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De Ashi Bari - De Ashi Hari - Explained Properly

De Ashi Bari or De Ashi Hari Explained Properly

De Ashi Bari or De Ashi Hari explained properly

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I'm no Neil Adams nor have I ever really come close to the world or even national championships. The most I have ever achieved is a first place in State championships and I have deliberately chosen to remain a Ni Dan. So I will never claim to be an expert but I have never been able to understand why nobody wants to explain De Ashi Hari (De Ashi Bari) properly. This is quite simple my most favourite throw purely because of its simplicity.

It also holds a special place in my heart because although a good coach would never do so today, - modern teaching techniques have shown that De Ashi Hari as a first throw is not the best - it was the first throw I was taught.

I say simplicity but I don't mean by any means that it is the easiest to learn. Far from it, it requires excellent timing to get it right and lots of practice. But the principle of the throw is totally unambiguous. It is just tripping up your Uke. When It is done correctly with all the timing and precision that lots of practice bring, it is simply beautiful and graceful to watch. To me, it epitomises the Judo principle of "maximum efficiency for minimum effort".

Since it is my favourite throw, I am therefore going to brazenly try to explain it the way I think it should be explained, here in this post.

Image of De Ashi Bari with emphasis on the position of Tori's foot and the direction of the foot is swept; directly across the body
De Ashi Bari Fig.1

De Ashi Hari Overview

Fig.1 above shows the performance of the throw and I feel confident that it is from looking at this image, or one like it, that most Judoka have learned to do De Ashi Hari. But the image can be deceptive and as a result, most Judoka has learned to do it wrong. That is, the image is not wrong but most people look at it from the wrong perspective.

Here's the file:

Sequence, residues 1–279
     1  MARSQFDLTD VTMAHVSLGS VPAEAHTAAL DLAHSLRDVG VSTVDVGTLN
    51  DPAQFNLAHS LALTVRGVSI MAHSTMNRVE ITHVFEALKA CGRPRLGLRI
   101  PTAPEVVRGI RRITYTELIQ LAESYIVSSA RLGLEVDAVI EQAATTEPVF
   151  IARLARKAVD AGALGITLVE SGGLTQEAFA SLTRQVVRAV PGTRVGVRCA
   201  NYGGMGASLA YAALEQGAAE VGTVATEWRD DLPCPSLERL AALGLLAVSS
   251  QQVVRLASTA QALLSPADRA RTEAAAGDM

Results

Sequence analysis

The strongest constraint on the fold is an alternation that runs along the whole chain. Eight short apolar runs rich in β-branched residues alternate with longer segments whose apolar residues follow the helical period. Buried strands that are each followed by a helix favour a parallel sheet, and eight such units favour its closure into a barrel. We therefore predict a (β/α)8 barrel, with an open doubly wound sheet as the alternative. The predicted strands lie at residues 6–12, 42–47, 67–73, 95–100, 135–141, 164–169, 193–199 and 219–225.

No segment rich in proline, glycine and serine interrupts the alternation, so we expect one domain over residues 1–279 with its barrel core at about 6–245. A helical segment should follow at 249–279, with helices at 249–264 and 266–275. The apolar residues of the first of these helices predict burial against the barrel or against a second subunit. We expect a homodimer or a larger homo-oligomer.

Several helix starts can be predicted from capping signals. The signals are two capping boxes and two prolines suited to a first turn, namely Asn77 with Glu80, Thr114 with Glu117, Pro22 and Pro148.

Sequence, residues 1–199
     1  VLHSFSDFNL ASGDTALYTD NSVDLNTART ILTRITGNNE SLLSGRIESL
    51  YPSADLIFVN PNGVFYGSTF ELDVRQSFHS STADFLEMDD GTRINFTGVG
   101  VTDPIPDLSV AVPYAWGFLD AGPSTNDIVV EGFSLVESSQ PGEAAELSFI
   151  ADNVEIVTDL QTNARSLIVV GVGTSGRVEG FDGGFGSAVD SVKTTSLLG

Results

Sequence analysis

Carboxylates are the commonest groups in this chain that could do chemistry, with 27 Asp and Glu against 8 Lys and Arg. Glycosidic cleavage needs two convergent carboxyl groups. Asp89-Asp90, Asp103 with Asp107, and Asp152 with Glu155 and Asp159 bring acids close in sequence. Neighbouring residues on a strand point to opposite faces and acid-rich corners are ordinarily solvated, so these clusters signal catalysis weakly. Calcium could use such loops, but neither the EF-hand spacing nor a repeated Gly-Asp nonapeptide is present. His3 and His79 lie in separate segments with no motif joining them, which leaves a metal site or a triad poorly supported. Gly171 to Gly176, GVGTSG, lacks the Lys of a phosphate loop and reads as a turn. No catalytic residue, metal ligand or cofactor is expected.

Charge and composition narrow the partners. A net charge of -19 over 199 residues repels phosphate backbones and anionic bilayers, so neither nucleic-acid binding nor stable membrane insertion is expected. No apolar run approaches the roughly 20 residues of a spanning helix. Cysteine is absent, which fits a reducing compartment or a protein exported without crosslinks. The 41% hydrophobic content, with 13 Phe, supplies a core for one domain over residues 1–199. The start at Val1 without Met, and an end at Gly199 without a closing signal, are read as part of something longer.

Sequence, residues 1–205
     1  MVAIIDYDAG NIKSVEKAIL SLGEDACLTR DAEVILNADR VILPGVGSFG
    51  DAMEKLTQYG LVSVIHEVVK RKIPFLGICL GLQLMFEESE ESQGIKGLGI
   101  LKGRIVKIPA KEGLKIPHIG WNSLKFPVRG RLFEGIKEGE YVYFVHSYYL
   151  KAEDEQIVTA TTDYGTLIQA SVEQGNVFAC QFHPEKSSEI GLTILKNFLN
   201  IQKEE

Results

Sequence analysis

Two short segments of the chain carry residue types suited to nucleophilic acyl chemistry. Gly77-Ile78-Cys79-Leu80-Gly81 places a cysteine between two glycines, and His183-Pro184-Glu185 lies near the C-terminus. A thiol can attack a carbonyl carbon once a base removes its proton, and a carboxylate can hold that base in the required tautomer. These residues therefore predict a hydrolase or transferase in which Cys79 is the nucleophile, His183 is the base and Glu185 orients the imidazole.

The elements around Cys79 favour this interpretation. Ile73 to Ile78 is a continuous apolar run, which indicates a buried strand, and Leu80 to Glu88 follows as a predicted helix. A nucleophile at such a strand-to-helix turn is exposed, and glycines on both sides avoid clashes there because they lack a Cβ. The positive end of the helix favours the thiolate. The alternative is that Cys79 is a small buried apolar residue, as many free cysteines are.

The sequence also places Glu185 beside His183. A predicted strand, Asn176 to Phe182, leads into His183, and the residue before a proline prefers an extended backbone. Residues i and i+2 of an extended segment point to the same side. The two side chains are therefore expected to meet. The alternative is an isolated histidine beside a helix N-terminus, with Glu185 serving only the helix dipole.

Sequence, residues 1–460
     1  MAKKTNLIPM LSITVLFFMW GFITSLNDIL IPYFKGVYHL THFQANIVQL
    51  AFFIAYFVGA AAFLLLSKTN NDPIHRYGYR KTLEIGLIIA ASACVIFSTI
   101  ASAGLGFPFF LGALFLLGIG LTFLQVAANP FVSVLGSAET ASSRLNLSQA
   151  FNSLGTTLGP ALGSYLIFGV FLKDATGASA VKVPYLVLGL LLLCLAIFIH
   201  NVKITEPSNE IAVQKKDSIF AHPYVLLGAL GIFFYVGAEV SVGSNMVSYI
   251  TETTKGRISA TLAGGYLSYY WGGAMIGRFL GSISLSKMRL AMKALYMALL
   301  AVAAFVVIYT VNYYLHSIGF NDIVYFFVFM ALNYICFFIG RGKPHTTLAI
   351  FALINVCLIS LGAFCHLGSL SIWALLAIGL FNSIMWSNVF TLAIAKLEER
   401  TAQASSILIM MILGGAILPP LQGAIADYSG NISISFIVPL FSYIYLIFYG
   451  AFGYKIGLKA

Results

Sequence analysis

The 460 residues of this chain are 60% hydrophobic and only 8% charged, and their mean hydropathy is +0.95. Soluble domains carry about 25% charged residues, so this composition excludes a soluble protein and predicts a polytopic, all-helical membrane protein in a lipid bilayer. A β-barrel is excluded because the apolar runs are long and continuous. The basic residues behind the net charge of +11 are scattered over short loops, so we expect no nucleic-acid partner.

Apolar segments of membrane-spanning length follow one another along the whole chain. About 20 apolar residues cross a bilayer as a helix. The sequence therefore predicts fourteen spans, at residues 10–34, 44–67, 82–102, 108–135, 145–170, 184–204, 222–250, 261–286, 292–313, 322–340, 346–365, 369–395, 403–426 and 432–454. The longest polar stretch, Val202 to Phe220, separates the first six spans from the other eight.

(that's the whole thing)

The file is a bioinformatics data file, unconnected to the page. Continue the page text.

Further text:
Most students only look at the top half of the picture and fail to take into consideration the arrow on the ground. Thus the impression that is given, is that the foot goes behind Uke and the kuzushi is to the rear. This is quite incorrect.

De Ashi Hari Foot Movement

Tori's foot should be, more or less, on the side of Uke's foot with the toes raped around the ankle bone and Tori's heal more or less, on the instep of uke. The kuzushi is to the side (Fig.2, 3 & 4).

De Ashi Bari Fig.2

Image close up of De Ashi Hari foot placement. Showing the completed placement of the heal on the instep and the toes on the heal.
De Ashi Bari Fig.3

Image of the direction of the foot movement of De Ashi Hari being between Uke and Tori
De Ashi Bari Fig.4

I say more or less because in the heat of a competition it cannot be expected that Tori should locate their foot exactly but there is no doubt that the position of Tori's foot as I have described, is the most efficient De Ashi Hari.

Allowing your foot to go behind Uke's ankle will tend to result in forcing you to sweep the foot forward instead across the front and between you and your opponent as displayed by the above arrow (Fig.1). The affect being Ko Soto Gari, not De Ashi Hari. If fact, I have seen many Ko Soto Gari mistakenly called De Ashi Bari. Not that it matters in a competition if the throw is successful and scores. After all, a score is a score regardless of what throw it is.

De Ashi Hari Leg Movement

It also needs to be pointed out that Tori should have their leg slightly bent at the knee to allow for their pad of the foot to be fully placed and exposed on the Uke's ankle. This allows for maximum power to be applied to the leg movement

If your leg is straight, not only will you kick you opponent and possibly be disqualified if the referee sees it, but you lose power and efficiency. Not to mention annoying the hell out of you opponent.

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De Ashi Hari Arm Movement

As hinted at above, Troi's arm action is to draw Uke's shoulder clockwise to the ground. There should be no rear movement. This is achieved in a number of ways, the steering wheel is the description that I have heard the most. To my mind, however, the best way to achieve the desired action is by drawing Uke's elbow between you and Uke as you sweep (Fig.5, 6 & 7).

Image of the initial stance of De Ashi Bari. Uke and Tori facing each other in a natural grip.
De Ashi Hari Fig.5

Image of the initial arm  and foot movement for De Ashi Hari as the leg and arm move between Uke and Tori
De Ashi Hari Fig.6

Image of De Ashi Hari showing the downward thrust that is the natural result of the sideways motion as it reaches the end of the bodies action.

The Gake

The finishing (gake) of the throw is the whole body but particularly the arm that is going between you and Uke is following the flow of the movement of the leg as it is sweept between you and Uke causing Uke to go to the mat (Fig. 7 note the downward thrust that is the natural result of the sideways motion as it reaches the end of the bodies action.).

As I say De Ashi Hari is and elegant and precision throw. I would argue that is is a throw that every Judoka should diligently practice. Even if it is not one of your favourite throws such practice will help you in your appreciation of the beuty of Judo.

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